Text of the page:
The Federal Government may be reconsidering how it uses one of the most controversial surveillance technologies

The federal government may be shifting its stance on one of the most controversial surveillance technologies it employs.

The Justice Department is conducting an internal review on its use of “secret mobile phone tracking devices,” according to a report from the Wall Street Journal.

For years both federal and state governments have been using a technology, known to many as Stingray, which is able to tap mobile devices as well as track cellular metadata including call times and location.

But formal information about how organisations are collecting and using this data has been scant. This is because local authorities have been forced to sign non-disclosure agreements with the federal government.

Now it appears the federal government is trying to rethink the secrecy surrounding these devices. Beyond reviewing how much detail it can provide about the technology and how it’s used, the FBI has reportedly been getting search warrants whenever they intend to use Stingray-like programs, according to the Wall Street Journal.

Currently, it’s impossible to tell whether or not these devices are being used. Requiring a warrant would be one way to ensure that authorities disclose when these types of surveillance devices are in use.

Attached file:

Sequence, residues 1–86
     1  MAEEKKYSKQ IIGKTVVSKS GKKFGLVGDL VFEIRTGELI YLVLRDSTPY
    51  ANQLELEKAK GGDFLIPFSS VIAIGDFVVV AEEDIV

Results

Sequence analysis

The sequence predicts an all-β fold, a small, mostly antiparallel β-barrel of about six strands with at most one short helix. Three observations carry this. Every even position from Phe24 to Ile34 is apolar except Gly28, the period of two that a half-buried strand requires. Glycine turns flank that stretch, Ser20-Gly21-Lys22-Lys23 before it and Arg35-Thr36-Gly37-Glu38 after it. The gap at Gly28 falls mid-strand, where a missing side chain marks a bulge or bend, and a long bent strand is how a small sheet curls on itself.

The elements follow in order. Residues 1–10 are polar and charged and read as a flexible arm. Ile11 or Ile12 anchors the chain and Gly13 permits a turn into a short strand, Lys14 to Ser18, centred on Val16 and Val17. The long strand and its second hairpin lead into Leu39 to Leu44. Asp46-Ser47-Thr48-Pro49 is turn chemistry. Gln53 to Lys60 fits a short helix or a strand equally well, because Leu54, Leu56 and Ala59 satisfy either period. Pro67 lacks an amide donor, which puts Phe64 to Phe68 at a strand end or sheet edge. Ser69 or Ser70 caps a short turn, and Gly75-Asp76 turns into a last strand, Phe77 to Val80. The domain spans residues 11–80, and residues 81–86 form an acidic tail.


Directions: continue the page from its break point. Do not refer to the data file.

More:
This secrecy has led to numerous court cases from civil liberties groups like the ACLU. Recently the New York Civil Liberties Union (NYCLU) was able to unearth a slew of new records documenting cases when the New York State Sheriff’s Office used the technology.

Privacy groups are heartened by this news.

“It’s a long overdue but positive development,” NYCLU staff attorney Mariko Hirose told Business Insider. “One that I hope will have an impact on local law enforcement.”

Hirose is alluding the marked difference in how federal and state agencies have been using Stingray. That is, while the FBI has been working to receive warrants in order to use the tracking devices, some police forces — including Baltimore, Sarasota, and Tacoma — have been using Stingrays frequently to compile evidence and not divulging information about these new practices.

While this development is a step in the right direction for privacy advocates like Hirose, the news is merely that a review is underway. For now, groups like the ACLU are holding their breath for real reform to come.

“There’s still a lot to see about what this outcome will be and when we will found out more,” said Hirose.

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